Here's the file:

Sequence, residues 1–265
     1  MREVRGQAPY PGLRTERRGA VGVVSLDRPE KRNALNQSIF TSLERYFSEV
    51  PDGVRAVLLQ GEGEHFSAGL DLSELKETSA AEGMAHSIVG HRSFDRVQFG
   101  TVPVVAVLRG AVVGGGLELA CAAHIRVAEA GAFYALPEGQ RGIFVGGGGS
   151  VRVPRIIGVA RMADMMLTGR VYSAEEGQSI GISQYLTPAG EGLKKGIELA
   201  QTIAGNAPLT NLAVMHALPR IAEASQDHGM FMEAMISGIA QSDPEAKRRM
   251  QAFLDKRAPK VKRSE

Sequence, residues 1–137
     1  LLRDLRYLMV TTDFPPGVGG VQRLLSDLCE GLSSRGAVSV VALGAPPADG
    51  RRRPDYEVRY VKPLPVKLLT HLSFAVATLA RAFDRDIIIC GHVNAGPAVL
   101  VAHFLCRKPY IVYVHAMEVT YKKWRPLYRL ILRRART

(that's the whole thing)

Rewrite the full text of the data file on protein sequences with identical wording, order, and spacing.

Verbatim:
Sequence, residues 1–265
     1  MREVRGQAPY PGLRTERRGA VGVVSLDRPE KRNALNQSIF TSLERYFSEV
    51  PDGVRAVLLQ GEGEHFSAGL DLSELKETSA AEGMAHSIVG HRSFDRVQFG
   101  TVPVVAVLRG AVVGGGLELA CAAHIRVAEA GAFYALPEGQ RGIFVGGGGS
   151  VRVPRIIGVA RMADMMLTGR VYSAEEGQSI GISQYLTPAG EGLKKGIELA
   201  QTIAGNAPLT NLAVMHALPR IAEASQDHGM FMEAMISGIA QSDPEAKRRM
   251  QAFLDKRAPK VKRSE

Sequence, residues 1–137
     1  LLRDLRYLMV TTDFPPGVGG VQRLLSDLCE GLSSRGAVSV VALGAPPADG
    51  RRRPDYEVRY VKPLPVKLLT HLSFAVATLA RAFDRDIIIC GHVNAGPAVL
   101  VAHFLCRKPY IVYVHAMEVT YKKWRPLYRL ILRRART